15:04:25 local time CHINA
* Inventories swell at Chinese garment factories: CNGA:
The inventories with garment manufacturing units in China have been rising in recent years, according to the China National Garment Association (CNGA).
The association said the inventories with garment factories have risen to such a level that even if all the garment units across China closed, the stock would be enough to last for three years, chinadaily.com.cn reported.
The high inventory is despite a steady growth in apparel sales in recent months. In May 2013, apparel sales rose 6.6 percent year-on-year.
* China curbs its enthusiasm for the new Labour Contract Law:
When China’s Labour Contract Law was implemented in 2008, it created quite a bang. The newly revised Labour Contract Law, which will go into effect on 1 July this year, is creating little more than a whimper.
The original legislation was the subject of intense debate both inside and outside China, with business lobbyists predicting the end of China’s economic competitiveness if it became law. That clearly did not happen, and this time the business community does not seem overly concerned that the revisions to the law will impact its bottom line. Neither are the workers the law is supposed to protect particularly enthusiastic about it.
Perhaps the reason no one seems to be making a big fuss about the revised law is because no one really thinks it will do what it is supposed to do; namely end abuses of the employment agency system in China and ensure that all employees working in the same business get equal pay for equal work.
14:04:25 local time VIET NAM
* Over 10,000 garment workers given helmets:
The Garment 10 Joint Stock Corporation (GARCO 10) on June 18 presented helmets of standard quality to its 10,000 workers, and encouraged them to wear helmets as a practical action to contribute to reducing the bad consequences of traffic accidents.
Addressing the ceremony, Deputy Prime Minister Nguyen Xuan Phuc who is also Head of the National Committee for Traffic Safety, praised the corporation for giving helmets to workers and educating them to increase their awareness about reducing traffic accidents.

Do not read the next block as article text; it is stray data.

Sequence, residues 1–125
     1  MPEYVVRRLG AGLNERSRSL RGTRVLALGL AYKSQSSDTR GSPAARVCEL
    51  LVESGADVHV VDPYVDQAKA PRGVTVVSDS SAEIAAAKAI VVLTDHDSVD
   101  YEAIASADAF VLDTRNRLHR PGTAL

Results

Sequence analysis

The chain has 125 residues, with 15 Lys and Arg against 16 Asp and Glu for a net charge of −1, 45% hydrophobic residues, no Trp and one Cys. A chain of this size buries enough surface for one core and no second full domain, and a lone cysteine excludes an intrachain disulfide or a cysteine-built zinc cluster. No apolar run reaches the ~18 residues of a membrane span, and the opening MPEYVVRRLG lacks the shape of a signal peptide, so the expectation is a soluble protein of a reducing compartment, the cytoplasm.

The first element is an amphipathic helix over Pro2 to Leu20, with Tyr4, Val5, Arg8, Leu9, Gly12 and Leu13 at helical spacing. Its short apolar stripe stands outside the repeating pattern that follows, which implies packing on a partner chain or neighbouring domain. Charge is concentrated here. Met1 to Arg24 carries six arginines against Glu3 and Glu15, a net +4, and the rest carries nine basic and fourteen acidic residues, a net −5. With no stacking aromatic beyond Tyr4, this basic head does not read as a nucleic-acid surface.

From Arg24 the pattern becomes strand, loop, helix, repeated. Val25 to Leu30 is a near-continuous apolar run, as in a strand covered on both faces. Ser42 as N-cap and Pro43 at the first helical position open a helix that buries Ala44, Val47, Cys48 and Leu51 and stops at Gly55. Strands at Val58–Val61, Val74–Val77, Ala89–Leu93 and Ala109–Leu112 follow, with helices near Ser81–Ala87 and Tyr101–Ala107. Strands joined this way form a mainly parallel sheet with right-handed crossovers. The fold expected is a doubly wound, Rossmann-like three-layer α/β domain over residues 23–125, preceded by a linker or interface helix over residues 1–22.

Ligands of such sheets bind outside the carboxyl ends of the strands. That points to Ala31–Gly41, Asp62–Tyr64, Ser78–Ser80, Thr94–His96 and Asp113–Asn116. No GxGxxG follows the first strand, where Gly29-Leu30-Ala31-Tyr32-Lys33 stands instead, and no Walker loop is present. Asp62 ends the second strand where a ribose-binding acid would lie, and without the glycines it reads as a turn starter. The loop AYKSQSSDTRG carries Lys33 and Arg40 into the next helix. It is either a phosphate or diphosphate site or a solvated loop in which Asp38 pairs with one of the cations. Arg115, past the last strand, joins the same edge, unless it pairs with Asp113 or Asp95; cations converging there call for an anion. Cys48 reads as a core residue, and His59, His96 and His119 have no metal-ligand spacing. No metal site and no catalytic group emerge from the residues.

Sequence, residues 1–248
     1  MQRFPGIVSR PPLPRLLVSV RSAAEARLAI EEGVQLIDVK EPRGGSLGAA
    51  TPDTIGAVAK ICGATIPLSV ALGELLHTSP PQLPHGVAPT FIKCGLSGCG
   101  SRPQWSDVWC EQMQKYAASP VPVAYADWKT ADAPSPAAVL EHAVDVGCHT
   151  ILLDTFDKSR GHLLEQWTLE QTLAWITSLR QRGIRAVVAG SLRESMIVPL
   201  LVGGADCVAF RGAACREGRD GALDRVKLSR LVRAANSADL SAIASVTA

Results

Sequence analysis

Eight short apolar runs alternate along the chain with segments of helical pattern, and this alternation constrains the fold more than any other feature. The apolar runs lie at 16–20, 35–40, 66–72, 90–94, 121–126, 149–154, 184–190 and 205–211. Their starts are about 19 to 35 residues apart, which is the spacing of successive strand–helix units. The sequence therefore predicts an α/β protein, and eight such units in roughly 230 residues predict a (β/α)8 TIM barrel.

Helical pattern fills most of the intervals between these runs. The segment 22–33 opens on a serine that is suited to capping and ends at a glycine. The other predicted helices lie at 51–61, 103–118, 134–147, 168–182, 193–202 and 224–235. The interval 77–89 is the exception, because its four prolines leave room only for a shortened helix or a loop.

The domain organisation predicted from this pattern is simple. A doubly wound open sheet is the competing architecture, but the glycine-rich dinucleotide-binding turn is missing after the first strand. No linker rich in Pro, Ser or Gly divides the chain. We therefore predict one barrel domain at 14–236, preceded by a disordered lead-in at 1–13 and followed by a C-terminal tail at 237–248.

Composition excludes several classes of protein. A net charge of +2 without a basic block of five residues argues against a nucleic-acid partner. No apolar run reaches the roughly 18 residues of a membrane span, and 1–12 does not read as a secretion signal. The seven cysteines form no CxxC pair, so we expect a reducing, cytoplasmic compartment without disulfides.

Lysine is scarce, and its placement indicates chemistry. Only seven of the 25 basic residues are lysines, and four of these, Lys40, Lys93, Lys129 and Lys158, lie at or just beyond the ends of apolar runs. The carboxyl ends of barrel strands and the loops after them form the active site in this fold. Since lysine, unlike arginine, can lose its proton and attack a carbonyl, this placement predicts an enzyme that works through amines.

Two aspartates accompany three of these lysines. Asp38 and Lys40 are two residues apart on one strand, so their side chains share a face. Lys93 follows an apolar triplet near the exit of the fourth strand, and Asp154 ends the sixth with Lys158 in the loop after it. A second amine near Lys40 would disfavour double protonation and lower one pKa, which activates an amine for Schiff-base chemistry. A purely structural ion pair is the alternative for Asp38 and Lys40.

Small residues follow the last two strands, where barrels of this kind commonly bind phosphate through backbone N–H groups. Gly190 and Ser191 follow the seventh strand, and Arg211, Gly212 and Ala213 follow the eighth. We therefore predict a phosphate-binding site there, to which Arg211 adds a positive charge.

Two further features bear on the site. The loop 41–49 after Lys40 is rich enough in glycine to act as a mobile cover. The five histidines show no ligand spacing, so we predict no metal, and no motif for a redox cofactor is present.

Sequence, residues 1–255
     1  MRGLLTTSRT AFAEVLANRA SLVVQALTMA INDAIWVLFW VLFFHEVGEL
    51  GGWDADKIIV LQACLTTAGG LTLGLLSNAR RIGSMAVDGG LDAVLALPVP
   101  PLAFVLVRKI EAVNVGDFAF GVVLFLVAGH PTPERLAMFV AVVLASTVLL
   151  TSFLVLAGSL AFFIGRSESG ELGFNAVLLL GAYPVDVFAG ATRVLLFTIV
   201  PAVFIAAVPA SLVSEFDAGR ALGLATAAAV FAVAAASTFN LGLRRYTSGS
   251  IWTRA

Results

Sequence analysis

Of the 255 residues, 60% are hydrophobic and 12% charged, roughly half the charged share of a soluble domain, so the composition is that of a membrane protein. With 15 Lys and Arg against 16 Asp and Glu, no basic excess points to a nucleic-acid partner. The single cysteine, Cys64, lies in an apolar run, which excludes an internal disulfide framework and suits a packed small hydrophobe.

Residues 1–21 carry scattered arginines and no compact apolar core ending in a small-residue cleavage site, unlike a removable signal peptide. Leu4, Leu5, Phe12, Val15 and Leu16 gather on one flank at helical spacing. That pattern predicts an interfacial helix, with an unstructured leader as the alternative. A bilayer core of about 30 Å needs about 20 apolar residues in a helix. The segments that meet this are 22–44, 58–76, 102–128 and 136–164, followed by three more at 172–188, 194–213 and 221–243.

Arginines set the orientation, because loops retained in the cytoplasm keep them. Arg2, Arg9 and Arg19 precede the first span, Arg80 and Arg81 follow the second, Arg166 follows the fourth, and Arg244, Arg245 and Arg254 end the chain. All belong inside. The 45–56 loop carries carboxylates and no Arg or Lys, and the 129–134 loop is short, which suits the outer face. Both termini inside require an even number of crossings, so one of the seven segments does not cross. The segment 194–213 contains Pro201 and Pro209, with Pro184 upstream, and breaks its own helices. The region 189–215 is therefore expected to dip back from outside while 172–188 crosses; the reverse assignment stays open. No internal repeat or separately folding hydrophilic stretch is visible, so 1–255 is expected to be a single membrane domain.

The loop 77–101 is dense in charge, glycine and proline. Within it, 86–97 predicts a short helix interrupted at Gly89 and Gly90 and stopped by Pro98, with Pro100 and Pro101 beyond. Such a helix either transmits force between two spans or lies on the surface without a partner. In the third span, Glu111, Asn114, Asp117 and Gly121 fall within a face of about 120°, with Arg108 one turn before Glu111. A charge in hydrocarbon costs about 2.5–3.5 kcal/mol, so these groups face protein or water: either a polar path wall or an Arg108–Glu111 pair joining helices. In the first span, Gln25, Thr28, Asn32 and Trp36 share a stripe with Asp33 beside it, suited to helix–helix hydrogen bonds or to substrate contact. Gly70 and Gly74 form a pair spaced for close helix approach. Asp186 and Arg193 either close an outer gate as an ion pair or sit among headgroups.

Each year, traffic accidents take the lives of over 10,000 people and injure 30,800 others, leaving a serious burden for the society.
* U.S., Vietnam still far apart on clothing in trade talks:
U.S. efforts to forge a “21st Century” trade agreement with Vietnam and 10 other countries in the Asia Pacific region are running into problems mired in the past, including a textile trade policy that U.S. industry does not want to give up.
The United States hopes to finish talks on the proposed Trans-Pacific Partnership (TPP) pact by the end of the year, but Vietnam says the sides are nowhere close on its biggest priority: market access for its clothing and footwear exports.
The latest U.S. offer “is really, really difficult for us to accept,” Nguyen Vu Tung, deputy chief of mission at Vietnam’s embassy in Washington, said on Wednesday during a panel discussion at The Wilson Center, a foreign policy think tank.
Unless the two sides can reach a breakthrough, “I’m really concerned about the prospect of Vietnam to conclude the successful negotiation of TPP,” Tung said.
The problem is rooted in decades of tariff protection for the U.S. textile industry, which now employs fewer than 300,000 workers compared to more than 2 million in the 1970s.
14:04:25 local time CAMBODIA
* Union leader announces protest for release of workers: